Federal loan consolidation may be neither necessary nor a good option for everyone. Consider consolidation if you are making multiple loan payments, or if you have at least one FFEL loan and intend to apply for loan forgiveness under the Public Service Loan Forgiveness Program. To determine the type of loans you have, check the National Student Loan Data System (NSLDS). Direct Loans will be labeled as “Direct” and FFEL loans will be labeled as “FFEL” or simply as “Stafford” or “Graduate PLUS.”
When consolidating federal loans, a weighted average is applied to a single loan. This means, depending on the amount borrowed, the new interest rate will fall somewhere between the lowest and the highest rate on the original loans. If you have borrowed more Grad PLUS than Stafford loans, the weighted average will lean towards the Grad PLUS interest rate. To estimate the interest rate on your loans (see your NLSDS record) use the loan calculator.
Benefits of Consolidation
- Single monthly payment
- Lower monthly payment
- Eligibility for Public Service Loan Forgiveness with previously borrowed FFEL loans.
Disadvantages of Consolidation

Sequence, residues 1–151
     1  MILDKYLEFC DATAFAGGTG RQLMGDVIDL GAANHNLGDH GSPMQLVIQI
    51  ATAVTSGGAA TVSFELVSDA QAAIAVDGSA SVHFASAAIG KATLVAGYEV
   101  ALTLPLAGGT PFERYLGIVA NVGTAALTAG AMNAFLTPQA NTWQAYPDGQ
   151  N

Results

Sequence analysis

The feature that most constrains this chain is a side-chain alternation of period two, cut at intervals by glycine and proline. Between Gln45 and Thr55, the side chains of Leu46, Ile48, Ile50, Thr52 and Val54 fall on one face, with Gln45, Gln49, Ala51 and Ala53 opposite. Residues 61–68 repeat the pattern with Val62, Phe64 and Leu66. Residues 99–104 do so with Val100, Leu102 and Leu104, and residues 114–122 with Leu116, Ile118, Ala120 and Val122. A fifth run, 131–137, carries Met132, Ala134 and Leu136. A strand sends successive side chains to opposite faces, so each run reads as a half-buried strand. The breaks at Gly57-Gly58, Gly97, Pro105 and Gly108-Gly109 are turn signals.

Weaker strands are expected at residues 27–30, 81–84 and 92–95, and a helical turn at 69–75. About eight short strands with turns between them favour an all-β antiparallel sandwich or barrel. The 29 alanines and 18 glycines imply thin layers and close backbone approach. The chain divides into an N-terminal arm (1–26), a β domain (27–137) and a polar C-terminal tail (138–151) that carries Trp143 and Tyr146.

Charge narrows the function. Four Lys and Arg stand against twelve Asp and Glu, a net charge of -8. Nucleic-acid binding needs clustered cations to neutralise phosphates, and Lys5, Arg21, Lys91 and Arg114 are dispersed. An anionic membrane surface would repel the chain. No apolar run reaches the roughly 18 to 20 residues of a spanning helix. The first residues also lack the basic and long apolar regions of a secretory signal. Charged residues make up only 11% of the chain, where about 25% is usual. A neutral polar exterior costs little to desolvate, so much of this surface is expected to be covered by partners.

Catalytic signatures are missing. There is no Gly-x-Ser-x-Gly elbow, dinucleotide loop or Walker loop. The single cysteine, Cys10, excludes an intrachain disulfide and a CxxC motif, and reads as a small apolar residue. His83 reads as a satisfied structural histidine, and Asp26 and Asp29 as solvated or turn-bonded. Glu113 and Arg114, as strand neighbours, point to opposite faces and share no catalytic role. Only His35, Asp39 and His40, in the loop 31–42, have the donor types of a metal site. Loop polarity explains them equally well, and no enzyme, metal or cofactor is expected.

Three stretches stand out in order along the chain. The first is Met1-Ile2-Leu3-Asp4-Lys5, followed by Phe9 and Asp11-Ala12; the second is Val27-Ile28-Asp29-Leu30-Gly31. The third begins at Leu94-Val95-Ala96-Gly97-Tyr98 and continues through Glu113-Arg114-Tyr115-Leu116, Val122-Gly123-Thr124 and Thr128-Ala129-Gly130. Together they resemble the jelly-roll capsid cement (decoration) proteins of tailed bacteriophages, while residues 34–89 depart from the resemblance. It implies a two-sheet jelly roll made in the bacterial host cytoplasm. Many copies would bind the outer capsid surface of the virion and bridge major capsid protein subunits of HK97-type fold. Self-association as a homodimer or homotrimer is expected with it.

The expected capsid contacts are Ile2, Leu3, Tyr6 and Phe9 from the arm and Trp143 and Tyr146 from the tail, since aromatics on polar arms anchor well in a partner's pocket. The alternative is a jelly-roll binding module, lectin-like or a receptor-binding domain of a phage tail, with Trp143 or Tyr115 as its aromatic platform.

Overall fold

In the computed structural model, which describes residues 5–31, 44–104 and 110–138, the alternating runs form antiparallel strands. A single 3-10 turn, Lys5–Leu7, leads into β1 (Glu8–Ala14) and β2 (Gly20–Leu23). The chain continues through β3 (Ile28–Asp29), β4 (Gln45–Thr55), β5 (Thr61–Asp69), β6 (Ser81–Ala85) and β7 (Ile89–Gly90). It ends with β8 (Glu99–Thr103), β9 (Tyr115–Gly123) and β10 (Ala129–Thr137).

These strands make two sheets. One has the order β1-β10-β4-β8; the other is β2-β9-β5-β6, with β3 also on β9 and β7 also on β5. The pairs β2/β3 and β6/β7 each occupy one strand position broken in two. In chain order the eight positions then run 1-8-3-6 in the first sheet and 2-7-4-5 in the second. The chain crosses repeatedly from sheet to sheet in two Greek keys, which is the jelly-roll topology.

- Pay more over the life of the loan.
- Lose the grace period on any loans included in the consolidation unless electing to have consolidation occur at the end of the grace period (suggested).
- Consolidation of a Perkins loan is not suggested as the borrower will lose any cancellation benefits with consolidation. (Unconsolidated Perkins loans will not qualify for PSLF.)
- Prior lender repayment incentives may not carry forward into the consolidation loan or may have to be repaid.
How to Consolidate
Go to www.loanconsolidation.ed.gov and click on “Borrower Services” to complete the application process.
The consolidation process may take 4-6 weeks. Borrowers currently in repayment will need to continue to make payments until receipt of notice that consolidation is complete and a new monthly payment amount is established.